The contraceptive wars started with the notorious campaign in the late 19th century of the Postmaster General Anthony Comstock, who successfully banned the spread of information about contraception under an obscenity statute.
According to Democratic Gov. John Hickenlooper, around 70 percent of pregnancies in the state are unintended.
A ruling late Thursday shows that the Supreme Court’s decision in the Hobby Lobby case was as much a political decision as a legal one.
Fourteen faith leaders, including many who have been allies of the administration, are urging the president to include a religious exemption in his upcoming executive order that will ban federal contractors from employment discrimination based on gender identity or sexual orientation.
Monday’s Hobby Lobby ruling is one more piece of evidence that we still do not value women’s rights in the same way that we value “universal rights”—that is, rights that pertain to men.
The Hobby Lobby decision is an affront to all women and yet another barrier to Asian American and Pacific Islander women who already face significant health disparities and barriers to insurance access.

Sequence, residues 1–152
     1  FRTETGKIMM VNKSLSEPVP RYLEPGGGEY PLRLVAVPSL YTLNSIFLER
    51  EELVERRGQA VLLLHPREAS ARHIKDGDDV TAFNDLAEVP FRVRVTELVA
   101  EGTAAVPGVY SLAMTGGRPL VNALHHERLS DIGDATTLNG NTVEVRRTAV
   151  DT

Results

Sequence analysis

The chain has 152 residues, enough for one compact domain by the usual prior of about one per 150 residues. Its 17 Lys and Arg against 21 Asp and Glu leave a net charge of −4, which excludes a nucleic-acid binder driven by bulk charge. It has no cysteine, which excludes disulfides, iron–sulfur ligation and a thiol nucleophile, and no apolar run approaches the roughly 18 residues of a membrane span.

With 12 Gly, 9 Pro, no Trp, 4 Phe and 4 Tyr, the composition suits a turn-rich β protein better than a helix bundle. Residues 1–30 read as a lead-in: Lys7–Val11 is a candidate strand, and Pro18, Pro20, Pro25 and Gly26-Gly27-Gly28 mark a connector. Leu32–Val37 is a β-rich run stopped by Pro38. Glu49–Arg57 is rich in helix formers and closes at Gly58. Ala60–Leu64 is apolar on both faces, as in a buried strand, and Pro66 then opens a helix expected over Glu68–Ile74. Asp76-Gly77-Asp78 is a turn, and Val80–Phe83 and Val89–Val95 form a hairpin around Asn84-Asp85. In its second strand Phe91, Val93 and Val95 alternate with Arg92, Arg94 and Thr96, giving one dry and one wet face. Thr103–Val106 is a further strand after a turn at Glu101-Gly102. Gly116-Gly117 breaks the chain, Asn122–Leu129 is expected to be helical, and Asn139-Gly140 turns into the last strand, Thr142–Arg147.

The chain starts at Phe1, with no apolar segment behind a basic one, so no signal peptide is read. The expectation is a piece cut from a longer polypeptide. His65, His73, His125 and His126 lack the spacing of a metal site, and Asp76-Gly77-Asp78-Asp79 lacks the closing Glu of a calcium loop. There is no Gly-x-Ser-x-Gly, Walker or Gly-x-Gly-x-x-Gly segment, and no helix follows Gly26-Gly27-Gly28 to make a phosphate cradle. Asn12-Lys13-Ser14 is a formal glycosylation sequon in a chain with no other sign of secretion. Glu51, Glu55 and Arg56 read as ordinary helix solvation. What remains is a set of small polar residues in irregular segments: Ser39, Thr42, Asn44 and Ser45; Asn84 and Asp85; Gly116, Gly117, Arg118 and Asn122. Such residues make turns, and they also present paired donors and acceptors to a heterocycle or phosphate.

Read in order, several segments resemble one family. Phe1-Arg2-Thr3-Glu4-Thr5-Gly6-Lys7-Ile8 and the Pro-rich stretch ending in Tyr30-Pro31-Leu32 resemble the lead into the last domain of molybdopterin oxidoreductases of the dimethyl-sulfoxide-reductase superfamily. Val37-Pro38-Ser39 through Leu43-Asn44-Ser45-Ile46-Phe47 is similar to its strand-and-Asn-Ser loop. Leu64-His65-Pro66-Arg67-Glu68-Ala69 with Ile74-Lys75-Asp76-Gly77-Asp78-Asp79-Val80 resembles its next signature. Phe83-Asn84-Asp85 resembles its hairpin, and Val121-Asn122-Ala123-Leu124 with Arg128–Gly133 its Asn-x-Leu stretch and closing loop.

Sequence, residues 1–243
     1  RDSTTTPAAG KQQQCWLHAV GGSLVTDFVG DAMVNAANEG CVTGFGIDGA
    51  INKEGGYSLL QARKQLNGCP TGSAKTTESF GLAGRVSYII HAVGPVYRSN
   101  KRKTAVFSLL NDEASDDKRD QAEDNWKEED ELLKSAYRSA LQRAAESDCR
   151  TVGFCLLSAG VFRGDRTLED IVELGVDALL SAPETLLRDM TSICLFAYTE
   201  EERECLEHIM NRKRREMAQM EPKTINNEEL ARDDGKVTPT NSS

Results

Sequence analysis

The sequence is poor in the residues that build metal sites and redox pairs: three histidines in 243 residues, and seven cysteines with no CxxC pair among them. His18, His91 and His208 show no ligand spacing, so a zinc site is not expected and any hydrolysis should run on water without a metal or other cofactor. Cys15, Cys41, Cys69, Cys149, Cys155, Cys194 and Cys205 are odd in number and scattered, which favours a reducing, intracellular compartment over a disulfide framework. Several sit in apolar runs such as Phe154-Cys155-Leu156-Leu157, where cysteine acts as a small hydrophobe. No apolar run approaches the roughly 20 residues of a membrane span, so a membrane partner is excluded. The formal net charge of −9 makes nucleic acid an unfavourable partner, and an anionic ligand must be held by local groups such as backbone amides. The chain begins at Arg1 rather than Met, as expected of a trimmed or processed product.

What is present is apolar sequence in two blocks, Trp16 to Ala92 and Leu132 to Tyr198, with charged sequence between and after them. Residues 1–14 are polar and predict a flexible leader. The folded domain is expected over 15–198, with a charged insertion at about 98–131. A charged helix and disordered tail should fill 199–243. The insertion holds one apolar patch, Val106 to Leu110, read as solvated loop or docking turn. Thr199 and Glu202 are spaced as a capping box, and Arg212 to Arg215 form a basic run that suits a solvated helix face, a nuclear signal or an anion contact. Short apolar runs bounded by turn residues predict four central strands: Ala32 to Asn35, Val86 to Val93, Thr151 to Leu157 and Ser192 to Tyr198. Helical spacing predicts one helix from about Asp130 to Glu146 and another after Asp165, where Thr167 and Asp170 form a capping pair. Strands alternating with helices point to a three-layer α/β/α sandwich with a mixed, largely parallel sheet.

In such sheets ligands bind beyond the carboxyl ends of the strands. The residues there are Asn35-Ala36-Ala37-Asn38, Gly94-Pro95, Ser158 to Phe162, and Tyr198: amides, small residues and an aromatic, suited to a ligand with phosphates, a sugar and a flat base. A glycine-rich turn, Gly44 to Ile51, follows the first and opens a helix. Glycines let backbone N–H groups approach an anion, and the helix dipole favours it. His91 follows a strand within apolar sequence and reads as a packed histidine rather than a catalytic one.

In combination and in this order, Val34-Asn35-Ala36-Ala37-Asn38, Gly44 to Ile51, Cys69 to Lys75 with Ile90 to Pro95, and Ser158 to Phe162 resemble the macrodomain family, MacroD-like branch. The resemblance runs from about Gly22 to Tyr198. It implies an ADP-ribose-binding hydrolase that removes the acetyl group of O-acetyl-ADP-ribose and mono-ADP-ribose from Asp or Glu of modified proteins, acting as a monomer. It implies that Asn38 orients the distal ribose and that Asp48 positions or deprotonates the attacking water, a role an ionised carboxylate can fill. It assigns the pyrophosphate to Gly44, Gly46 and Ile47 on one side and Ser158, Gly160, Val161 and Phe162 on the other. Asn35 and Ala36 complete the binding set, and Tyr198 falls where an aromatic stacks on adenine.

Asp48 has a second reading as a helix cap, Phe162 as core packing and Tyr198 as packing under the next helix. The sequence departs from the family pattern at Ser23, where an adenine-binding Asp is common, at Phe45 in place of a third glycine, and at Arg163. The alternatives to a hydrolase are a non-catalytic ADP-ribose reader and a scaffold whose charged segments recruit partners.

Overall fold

In a series of orders issued Tuesday, the Supreme Court let stand lower court rulings upholding religious objections to providing any contraceptive coverage under the Affordable Care Act.
Thanks to the conservatives on the Supreme Court, corporations now have a whole new basis for objecting to government regulations.
The Hobby Lobby case was about birth control coverage, but to see and hear the anti-choice protesters gathered in front of the Supreme Court steps Monday, you might have thought the Court was reconsidering Roe v. Wade.
For Black women, the decision echoes a history of employers imposing their religious beliefs on our reproductive freedom.